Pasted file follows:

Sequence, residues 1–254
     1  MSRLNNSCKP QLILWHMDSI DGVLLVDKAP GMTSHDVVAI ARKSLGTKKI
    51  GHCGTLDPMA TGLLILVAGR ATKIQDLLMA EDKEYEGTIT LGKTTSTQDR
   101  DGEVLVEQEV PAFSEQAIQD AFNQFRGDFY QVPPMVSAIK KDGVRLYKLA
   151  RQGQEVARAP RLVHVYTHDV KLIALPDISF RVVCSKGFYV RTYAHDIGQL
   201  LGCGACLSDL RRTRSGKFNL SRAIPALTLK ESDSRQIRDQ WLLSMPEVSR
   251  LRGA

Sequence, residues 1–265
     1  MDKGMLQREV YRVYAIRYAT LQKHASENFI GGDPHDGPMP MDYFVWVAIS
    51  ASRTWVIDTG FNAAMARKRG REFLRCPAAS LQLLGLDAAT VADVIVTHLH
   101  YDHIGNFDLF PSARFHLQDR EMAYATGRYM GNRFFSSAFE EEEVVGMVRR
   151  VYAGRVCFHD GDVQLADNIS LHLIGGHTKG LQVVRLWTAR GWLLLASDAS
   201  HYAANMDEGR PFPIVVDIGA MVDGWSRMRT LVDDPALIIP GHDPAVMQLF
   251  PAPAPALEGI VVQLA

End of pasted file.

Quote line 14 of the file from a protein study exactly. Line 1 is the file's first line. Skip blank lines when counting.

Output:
   251  PAPAPALEGI VVQLA